April 2, 2014 — In the years before air conditioning, we slept soundly and safely with the screen door often unlatched.
Our family home never had a working lock on an outside door until our parents died and it became a rental property.
We left our bikes on the creek bank with no identifying marks. Our gym lockers didn’t have locks.
A woman in our neighborhood left her car keys in the ignition every night so they wouldn’t get misplaced.
My grandparents and other folks regularly sent and received cash by mail.
My wife and her sister were elementary school age when they walked 30 blocks to and from swimming lessons without an adult companion.
Her sister walked a mile unescorted to and from kindergarten as a five-year-old.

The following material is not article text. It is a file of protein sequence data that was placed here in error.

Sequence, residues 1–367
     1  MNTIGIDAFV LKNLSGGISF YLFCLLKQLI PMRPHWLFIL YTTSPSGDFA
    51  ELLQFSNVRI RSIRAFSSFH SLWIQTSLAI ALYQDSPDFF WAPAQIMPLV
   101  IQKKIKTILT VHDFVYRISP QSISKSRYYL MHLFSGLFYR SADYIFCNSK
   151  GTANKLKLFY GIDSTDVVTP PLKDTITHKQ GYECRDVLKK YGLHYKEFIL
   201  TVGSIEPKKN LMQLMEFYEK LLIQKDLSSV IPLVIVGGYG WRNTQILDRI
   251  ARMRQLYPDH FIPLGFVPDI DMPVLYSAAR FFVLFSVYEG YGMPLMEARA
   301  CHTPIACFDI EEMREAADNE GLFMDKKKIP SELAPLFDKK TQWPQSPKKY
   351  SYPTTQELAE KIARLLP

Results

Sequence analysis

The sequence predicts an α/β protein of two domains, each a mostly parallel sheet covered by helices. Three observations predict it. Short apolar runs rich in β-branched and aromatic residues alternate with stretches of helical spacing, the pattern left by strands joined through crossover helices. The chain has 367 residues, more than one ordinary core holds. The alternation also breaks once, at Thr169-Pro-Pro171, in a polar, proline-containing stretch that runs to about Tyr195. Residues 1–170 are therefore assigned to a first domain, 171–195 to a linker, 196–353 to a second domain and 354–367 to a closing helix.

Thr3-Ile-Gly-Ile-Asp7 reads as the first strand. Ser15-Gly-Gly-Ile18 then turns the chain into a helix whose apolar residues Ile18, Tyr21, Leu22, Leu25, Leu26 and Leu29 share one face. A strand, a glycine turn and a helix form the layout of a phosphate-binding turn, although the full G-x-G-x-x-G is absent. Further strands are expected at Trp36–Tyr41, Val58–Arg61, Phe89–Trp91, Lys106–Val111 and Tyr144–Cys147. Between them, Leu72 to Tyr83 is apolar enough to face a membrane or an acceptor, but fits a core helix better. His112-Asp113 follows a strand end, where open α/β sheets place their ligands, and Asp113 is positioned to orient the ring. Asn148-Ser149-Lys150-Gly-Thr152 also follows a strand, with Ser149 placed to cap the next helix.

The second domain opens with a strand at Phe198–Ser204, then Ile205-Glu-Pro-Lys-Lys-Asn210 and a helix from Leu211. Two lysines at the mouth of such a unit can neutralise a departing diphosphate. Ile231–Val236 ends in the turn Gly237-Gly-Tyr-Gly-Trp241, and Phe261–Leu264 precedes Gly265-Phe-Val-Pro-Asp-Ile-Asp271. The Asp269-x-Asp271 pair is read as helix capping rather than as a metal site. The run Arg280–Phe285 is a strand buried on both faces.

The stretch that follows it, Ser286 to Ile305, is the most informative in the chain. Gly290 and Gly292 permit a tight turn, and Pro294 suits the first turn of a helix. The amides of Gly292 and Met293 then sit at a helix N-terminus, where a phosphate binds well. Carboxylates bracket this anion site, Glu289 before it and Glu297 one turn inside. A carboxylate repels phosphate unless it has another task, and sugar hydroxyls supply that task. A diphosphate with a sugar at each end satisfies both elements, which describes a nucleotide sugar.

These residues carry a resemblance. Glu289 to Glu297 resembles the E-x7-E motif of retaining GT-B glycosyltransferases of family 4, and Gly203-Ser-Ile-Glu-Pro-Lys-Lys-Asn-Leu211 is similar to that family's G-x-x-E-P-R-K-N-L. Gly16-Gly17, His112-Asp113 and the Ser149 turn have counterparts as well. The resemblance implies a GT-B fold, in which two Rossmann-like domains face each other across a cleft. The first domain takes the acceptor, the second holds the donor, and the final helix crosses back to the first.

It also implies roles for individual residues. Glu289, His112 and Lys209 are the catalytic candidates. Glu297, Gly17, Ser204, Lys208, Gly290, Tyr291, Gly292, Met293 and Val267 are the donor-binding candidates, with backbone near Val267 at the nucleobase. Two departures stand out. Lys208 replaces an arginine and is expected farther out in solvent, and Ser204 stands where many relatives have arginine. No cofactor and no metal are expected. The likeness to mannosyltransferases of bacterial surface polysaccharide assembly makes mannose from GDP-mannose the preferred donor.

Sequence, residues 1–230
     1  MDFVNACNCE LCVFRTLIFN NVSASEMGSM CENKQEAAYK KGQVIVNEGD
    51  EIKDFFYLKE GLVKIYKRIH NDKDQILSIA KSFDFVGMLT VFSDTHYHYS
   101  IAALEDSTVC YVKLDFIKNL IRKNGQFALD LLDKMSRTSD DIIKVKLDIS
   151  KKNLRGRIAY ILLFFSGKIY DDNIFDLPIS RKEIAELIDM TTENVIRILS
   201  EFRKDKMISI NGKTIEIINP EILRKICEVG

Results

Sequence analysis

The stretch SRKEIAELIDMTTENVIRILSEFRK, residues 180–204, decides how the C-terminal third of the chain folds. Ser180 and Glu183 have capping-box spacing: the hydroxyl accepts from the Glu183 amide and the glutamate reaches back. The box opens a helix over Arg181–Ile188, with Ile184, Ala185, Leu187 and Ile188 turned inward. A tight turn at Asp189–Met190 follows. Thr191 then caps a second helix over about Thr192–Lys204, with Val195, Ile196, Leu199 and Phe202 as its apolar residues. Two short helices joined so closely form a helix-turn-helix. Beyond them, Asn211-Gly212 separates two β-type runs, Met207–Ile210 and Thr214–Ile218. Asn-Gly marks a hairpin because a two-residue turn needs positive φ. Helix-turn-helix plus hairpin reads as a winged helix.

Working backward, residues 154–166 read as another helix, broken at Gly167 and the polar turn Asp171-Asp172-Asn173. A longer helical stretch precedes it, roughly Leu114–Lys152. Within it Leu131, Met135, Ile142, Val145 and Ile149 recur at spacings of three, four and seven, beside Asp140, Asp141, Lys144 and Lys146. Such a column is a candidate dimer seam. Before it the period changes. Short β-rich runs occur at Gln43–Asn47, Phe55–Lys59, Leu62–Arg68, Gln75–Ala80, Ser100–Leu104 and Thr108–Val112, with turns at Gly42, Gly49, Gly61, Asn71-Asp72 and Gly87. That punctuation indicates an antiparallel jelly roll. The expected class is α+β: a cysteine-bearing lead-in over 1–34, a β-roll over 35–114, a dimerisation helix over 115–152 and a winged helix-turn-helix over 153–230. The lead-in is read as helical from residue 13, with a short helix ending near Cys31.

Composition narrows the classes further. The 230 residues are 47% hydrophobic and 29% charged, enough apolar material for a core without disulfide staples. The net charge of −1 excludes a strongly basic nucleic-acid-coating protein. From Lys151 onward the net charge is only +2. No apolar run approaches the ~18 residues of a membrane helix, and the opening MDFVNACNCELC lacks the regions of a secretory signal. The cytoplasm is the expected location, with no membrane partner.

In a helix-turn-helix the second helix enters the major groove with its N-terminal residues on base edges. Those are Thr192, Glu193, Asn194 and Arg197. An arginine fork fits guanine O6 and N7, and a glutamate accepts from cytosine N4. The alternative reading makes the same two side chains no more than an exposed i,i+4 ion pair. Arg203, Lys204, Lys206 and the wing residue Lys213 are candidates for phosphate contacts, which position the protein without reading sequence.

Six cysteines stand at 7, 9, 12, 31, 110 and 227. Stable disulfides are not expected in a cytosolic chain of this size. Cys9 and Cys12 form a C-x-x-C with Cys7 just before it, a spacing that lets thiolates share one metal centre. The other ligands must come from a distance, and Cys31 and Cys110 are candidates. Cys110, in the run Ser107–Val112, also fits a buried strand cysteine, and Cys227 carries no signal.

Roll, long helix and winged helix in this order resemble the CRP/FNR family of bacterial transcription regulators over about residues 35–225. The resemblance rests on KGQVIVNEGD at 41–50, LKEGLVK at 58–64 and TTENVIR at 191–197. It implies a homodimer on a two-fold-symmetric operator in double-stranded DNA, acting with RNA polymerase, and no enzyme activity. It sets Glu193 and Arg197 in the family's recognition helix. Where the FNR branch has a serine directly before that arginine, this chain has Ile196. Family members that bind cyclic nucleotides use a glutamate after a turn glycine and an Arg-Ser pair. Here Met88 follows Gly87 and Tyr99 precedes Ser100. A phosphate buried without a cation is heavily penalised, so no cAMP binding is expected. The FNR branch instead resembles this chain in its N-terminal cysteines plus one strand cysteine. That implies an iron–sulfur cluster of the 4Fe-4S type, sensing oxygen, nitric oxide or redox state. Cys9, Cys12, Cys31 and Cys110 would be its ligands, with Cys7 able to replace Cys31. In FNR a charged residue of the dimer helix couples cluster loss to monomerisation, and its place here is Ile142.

As teenagers, my friends and I hitchhiked everywhere and we never hesitated to get into a stranger’s car. My brother did the same as a young sailor stationed on the Atlantic Coast.
My friend began babysitting by herself as a 10-year-old. She also walked a mile to and from a grocery store at that age.
As a boy growing up, my father-in-law often slept outside on his family’s lawn or front porch to escape the heat of summer nights.
A young bride and her husband drove across the country and camped in interstate highway rest areas without a tent.
We ate homemade Halloween popcorn balls and candied apples and peanut butter fudge and never thought of waiting for Mom to examine each trick-or-treat bag.
As kids, we happily rode around in the bed of our neighbor’s pickup truck and begged him to go faster.
Today, you would end up in jail or a court-ordered custody hearing for subjecting our loved ones to situations like those described above.
And we call this progress?